Last week’s news that the Urban Redevelopment Authority (URA) is seeking to stop the development of more housing projects in certain areas of Geylang to prevent potential conflict between the growing number of residents and local businesses, has put a spotlight on the notorious red-light district.
But if you think Geylang is synonymous with sleazy brothels, Bangladeshi workers dormitories and durian stalls, think again. Today, Geylang is fast transforming into a bustling town at the city fringe. Its speed of transformation can be seen in the many construction hoardings and new property showflats that have sprouted up in the area.
Let’s take a look at some interesting facts about Geylang.
The second Chinatown
Geylang is quickly becoming the second Chinatown of Singapore. While the “official” Chinatown in Outram is very touristy with souvenier stalls, night markets and tea shops, the Geylang area is transforming into a second Chinatown complete with TCM clinics, supermarkets and sundry shops selling imported China-made foodstuffs and products, as well as restaurants serving Northern Chinese cuisine such as dumplings and handmade noodles.
There are also numerous RMB money changers with bright LED signboards, Chinese clan associations, Chinese temples, and a significant increase in the number of Chinese expats in recent years. It is understood that while the “official” Chinatown has gone upmarket because it mainly caters to tourists, Geylang is the Chinatown for the masses.
Geylang property economics
Geylang is one of the very few regions in Singapore that defies market forces and economic logic. It’s an unspoken rule that most banks severely restrict or do not issue home loans for properties in Geylang, especially along the even-number lorongs (particularly those below 20) due to its red-light district stigma (although most banks are also relaxing the rule due to increased demand and the cleaning up of Geylang’s image in recent times). This was already a market practice even before the Total Debt Servicing Ratio (TDSR) was introduced.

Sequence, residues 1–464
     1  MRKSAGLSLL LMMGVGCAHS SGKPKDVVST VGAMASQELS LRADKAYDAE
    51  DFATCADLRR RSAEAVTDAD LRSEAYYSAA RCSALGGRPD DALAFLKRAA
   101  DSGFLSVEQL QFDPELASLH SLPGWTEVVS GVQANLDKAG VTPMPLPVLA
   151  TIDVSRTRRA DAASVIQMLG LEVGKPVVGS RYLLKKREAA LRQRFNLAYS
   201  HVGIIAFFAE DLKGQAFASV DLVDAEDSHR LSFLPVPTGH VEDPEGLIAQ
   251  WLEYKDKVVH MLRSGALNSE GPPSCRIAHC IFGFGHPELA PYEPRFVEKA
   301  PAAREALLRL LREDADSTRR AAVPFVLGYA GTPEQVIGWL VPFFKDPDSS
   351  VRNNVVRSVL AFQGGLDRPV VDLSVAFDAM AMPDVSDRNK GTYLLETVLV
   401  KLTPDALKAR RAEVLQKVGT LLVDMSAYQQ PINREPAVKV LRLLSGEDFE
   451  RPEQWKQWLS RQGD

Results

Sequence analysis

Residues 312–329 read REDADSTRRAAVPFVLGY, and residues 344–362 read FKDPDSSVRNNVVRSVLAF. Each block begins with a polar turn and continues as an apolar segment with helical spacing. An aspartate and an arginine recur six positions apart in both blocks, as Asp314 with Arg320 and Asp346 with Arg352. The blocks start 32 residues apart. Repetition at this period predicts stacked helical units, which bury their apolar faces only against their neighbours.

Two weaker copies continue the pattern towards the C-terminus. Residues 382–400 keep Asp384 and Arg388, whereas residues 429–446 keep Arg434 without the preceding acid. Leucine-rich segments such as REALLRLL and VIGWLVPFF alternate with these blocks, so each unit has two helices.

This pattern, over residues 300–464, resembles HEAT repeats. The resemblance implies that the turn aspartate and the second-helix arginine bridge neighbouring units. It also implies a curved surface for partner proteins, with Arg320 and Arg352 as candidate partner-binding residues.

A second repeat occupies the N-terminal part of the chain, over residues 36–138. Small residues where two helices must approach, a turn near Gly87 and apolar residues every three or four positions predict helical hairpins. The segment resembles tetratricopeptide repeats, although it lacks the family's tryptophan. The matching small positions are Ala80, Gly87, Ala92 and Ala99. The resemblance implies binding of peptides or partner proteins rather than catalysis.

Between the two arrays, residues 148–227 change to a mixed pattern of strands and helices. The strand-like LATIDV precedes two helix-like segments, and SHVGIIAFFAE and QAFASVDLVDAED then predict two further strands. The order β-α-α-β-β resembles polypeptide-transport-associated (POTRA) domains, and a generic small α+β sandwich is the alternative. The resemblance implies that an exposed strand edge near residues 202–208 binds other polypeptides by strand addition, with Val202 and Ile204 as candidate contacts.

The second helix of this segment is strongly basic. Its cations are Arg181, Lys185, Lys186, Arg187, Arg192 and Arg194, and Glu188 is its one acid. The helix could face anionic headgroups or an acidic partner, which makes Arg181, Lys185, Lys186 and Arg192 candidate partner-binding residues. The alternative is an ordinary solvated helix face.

And yet, Geylang has never failed to attract developers, investors and home buyers from swarming in because its fundamentals remain strong: proximity to the CBD (especially with the improved Nicoll Highway and new Marina Coastal Expressway), high density of amenities as well as vibrancy. A well-known fact is that the most TDSR-defying home buyers can be found in Geylang as the majority forked out the bulk of the purchase price in cash.
Additionally, Geylang is a hotspot with expat rentals. Many expats, especially the Chinese, are inclined to live in Geylang due to its growing status as a second Chinatown and also its good network of transport infrastructure. The nearby Sports Hub is also providing more lifestyle, retail and entertainment options to dwellers in Geylang.
The Mountbatten-Guillemard area is quickly emerging as a hipster enclave with the mushrooming of indie cafes and eateries due to the increase of expats in the area as well as relatively cheaper rentals. Brawns & Brains (Old Badminton Hall), Maple & Market (Cassia Crescent), Char, and Tuckshop (Guillemard Road), are some of the trendy hangouts that are rapidly changing the F&B and retail scene in Geylang.
Romesh Navaratnarajah, Singapore Editor at PropertyGuru, edited this story. To contact him about this or other stories email firstname.lastname@example.org